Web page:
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Effets des équipements de fantassin modernes sur la locomotion et la fatigue neuromusculaire du soldat déployé : simulation opérationnelle

Abstract : For more than a century, load carriage has been the source of many scientific questions and researches, especially in armies in which soldiers have to reach operational goals while carrying heavy loads complexly distributed around their body and this for some hours to several days. Moreover, with the development of new technologies and the advent of land warfare systems, this issue is becoming more complex since load continues to increase. General purpose: The aim of the present work was to investigate the biomechanical, metabolic and neuromuscular constraints imposed by the carriage of a modern land warfare system in experienced soldiers. Specifically, a first study was conducted to characterize the acute effects of land warfare equipments carriage on the biomechanics and energetics of walking. Moreover, a second research was performed to investigate the neuromuscular and locomotor consequences of an extreme-duration simulated military mission (performed in the field) involving the carriage of these specific equipments. First part: Walking analyses performed on an instrumented treadmill showed that the carriage of a land warfare system in two configurations made for “Battles” and “Road marches” (main configuration used in the field representing ~30% and ~50% of subject’s body mass, respectively) altered the walking pattern. Moreover, the mechanical work applied to the center of mass increased in parallel with the energy cost of walking during Battle and Road March configurations carriage, as shown by the constant locomotor efficiency in the three tested conditions. The inverted pendulum-like energy exchange (Cavagna’s standard method), allowing mechanical/metabolic energy saving, was also constant in all the unloaded and loaded conditions. Finally, even if the load was complexly distributed around soldiers’ body with this warfare system, this did not induce greater effects than those reported with loads carried symmetrically around the waist and close to the center of mass; which has yet been hypothesized to be the optimal method of load carriage from both mechanical and metabolic standpoints (except “original” methods such as head carrying that cannot be used in the military theater). Second part: Performing a 21-h simulated military mission with heavy land warfare system carriage induced relatively moderate neuromuscular alterations (isometric force measurement with electrical stimulation and EMG) for both knee extensors and plantar flexors locomotor muscle groups in experienced soldiers. Moreover, the origin of fatigue was essentially peripheral for both muscle groups but was concomitant with a large sensation of fatigue. Finally, the simulated mission, and notably the associated locomotor muscles fatigue, did not alter walking biomechanics and energetics. General conclusion: These results bring the first insight into the biomechanical, metabolic and neuromuscular consequences of modern land warfare system carriage in experienced soldiers, and this by a real-world approach aiming at simulating the military theater conditions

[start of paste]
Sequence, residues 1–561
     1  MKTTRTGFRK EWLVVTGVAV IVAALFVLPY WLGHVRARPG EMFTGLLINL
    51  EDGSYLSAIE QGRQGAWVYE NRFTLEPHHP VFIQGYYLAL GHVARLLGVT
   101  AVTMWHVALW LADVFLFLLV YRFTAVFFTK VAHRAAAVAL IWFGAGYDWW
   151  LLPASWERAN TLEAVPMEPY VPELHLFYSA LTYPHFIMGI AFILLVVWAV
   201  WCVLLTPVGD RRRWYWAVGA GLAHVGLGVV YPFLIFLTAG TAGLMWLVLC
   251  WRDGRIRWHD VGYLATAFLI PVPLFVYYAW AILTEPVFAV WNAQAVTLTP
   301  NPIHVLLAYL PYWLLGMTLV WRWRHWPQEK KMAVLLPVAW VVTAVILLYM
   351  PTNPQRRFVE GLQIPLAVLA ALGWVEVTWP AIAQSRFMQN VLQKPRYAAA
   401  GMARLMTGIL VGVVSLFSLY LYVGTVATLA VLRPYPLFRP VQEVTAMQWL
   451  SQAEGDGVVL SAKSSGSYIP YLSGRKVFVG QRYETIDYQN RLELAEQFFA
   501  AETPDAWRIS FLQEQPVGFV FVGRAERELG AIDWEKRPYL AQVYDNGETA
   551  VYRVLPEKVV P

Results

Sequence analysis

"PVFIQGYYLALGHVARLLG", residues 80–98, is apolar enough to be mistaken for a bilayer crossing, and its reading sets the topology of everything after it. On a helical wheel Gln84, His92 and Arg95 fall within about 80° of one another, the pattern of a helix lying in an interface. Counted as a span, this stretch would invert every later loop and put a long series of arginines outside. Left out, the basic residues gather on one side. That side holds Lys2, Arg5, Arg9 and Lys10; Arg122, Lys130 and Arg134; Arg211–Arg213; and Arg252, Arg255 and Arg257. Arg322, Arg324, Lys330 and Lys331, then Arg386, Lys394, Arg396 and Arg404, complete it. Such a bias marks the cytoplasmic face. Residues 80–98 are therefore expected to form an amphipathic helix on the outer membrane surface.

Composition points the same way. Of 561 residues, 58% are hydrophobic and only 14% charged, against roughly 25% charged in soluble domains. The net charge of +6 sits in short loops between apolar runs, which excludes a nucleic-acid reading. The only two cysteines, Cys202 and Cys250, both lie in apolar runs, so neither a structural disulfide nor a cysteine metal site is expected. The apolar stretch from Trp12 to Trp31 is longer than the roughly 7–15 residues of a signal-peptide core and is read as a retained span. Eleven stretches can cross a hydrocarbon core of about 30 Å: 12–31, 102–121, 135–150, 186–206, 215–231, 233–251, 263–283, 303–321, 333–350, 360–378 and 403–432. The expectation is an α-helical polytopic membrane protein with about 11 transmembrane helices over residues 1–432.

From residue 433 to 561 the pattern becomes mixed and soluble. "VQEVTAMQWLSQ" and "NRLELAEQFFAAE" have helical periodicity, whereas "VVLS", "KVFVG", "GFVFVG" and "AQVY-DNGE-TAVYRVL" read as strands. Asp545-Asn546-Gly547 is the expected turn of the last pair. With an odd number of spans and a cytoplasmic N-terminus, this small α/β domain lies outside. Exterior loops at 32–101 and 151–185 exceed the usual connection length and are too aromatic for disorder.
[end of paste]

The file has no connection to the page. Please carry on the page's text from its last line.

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Jordane Grenier. Effets des équipements de fantassin modernes sur la locomotion et la fatigue neuromusculaire du soldat déployé : simulation opérationnelle. Médecine humaine et pathologie. Université Jean Monnet - Saint-Etienne, 2012. Français. ⟨NNT : 2012STET002T⟩. ⟨tel-00978768⟩

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